Many laptops eschew the numeric keypad to free up space, and some desktop keyboards have taken on the trend, too. If you want a specialised numeric entry device and have absolutely no interest in speed or ease of use, [jp3141] has just the build for you.
The idea is to use the rotary dial from an old telephone to enter numbers into a computer. It’s slow and cumbersome, but it’s also pretty entertaining. The build uses an old AT&T Trimline dialer, though we’re sure most rotary phones would work. The pulses produced by the dialer are counted by a Teensy microcontroller, which emulates a USB HID keyboard device and enters the relevant keystroke into the computer. There’s also a USB serial interface for debugging, and an LED which flashes along with the pulses from the dialer circuit.
While it’s not the most efficient data entry method, it’s a semi-useful way to repurpose an old phone, and an amusing piece to take along to your next LAN party. We’ve featured a few… alternative… keyboards before, too. If you’ve cooked up a truly convoluted input device for your computer, be sure to let us know.
The invention of the transistor ushered in a lot of technologies that we now take for granted, and one of the less-thought-about areas that it improved living conditions worldwide was by making the touch-tone phone possible. No longer would the world have to fuss with dials to make phone calls, they could simply push some buttons. This technology is still in use today, and it is possible to build external phone dialers that use these tones to make phone calls, as [SunFounder] demonstrates with his latest project.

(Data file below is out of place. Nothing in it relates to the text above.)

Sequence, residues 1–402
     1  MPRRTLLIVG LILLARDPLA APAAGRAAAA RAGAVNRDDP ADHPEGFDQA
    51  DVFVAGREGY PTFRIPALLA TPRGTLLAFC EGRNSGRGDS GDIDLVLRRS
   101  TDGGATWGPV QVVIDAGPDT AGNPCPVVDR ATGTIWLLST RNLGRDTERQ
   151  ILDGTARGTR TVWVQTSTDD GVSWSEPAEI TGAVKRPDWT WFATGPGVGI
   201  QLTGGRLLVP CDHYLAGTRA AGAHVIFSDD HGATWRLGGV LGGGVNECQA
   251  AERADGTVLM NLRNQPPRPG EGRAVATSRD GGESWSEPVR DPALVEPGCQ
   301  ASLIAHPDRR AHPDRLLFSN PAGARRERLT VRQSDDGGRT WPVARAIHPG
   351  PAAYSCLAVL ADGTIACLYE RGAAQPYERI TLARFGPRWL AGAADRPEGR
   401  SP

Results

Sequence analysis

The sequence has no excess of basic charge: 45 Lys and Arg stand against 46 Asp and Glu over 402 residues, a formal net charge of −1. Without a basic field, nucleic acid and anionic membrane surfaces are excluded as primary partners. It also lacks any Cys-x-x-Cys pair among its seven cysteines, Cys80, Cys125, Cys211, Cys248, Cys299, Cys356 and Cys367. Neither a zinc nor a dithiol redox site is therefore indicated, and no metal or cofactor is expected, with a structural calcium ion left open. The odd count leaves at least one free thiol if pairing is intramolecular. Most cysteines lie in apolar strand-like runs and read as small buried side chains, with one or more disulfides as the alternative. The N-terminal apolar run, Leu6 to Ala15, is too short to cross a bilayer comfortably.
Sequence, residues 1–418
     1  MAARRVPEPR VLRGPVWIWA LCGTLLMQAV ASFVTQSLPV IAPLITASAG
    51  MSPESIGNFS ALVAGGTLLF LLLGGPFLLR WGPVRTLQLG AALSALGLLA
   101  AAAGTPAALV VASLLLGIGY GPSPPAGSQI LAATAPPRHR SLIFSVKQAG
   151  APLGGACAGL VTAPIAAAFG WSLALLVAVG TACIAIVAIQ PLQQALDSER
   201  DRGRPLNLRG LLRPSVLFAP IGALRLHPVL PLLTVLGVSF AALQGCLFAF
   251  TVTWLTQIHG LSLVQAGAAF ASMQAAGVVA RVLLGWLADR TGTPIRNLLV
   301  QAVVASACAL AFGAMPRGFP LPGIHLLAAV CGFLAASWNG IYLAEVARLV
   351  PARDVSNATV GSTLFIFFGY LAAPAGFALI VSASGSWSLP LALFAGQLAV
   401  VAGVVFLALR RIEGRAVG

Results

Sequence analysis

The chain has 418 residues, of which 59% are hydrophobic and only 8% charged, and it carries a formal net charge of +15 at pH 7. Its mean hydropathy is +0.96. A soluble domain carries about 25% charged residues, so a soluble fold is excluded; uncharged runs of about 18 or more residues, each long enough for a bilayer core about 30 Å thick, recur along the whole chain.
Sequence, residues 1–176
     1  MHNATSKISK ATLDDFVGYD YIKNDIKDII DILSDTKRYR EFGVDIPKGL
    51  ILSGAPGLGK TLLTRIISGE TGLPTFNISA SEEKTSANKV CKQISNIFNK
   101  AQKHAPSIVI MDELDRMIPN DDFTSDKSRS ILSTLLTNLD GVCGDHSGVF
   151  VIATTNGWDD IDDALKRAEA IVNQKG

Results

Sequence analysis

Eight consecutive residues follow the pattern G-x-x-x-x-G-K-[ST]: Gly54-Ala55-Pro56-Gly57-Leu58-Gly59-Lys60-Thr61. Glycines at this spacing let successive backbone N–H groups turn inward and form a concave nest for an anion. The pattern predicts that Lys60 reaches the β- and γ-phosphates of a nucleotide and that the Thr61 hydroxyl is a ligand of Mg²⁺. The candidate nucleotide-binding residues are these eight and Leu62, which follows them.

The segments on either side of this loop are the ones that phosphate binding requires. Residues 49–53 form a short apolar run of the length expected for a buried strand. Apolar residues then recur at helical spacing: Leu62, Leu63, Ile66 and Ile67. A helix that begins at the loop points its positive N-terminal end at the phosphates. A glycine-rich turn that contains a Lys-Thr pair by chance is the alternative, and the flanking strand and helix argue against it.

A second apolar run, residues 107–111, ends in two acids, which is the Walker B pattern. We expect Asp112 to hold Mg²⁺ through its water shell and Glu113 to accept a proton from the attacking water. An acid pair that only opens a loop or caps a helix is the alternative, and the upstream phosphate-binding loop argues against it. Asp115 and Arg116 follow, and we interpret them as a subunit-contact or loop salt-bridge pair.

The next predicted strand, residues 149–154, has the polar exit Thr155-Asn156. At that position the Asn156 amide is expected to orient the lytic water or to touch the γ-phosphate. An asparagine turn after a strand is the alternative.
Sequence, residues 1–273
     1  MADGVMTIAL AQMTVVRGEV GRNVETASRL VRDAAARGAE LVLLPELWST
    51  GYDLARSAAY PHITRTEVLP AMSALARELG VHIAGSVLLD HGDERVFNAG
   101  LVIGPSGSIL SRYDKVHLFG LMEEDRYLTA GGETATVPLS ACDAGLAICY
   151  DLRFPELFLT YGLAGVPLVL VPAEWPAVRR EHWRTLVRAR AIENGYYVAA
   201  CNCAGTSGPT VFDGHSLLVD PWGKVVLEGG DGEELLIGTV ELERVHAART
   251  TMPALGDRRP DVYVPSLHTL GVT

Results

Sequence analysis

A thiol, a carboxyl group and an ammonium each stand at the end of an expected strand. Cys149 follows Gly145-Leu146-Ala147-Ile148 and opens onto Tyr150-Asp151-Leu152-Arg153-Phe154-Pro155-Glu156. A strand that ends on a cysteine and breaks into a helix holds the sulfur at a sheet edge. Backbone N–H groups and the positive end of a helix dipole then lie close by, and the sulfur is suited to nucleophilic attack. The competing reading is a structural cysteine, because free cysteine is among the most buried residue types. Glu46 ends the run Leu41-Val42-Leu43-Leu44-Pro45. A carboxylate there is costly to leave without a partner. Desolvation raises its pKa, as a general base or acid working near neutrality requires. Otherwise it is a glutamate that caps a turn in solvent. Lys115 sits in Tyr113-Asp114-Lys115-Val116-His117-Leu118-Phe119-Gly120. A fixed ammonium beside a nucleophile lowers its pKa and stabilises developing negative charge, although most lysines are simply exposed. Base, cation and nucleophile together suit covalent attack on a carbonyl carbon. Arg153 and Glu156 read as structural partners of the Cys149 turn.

The tones that a phone makes when a button is pressed correlate with specific frequencies for each number. Automatic dialers like this one help when there are multiple carriers (like different long-distance carriers, for example) where different prefixes can be used to make calls cheaper depending on the destination of the call. A preprogrammed dialer can take all of this complication out of making phone calls. [SunFounder] is able to make a simple dialer from scratch, using an Arduino, its “tone” library, and a speaker that is simply held up to the phone that the call will be placed on.
[SunFounder] points out that he built this more because he’s interested in the inner workings of phones, and not because he needed a purpose-built dialer. It’s a good demonstration of how phones continue to use DTMF though, and how easy it is to interface with such a system. It might also suit a beginner as an introduction to the world of phreaking.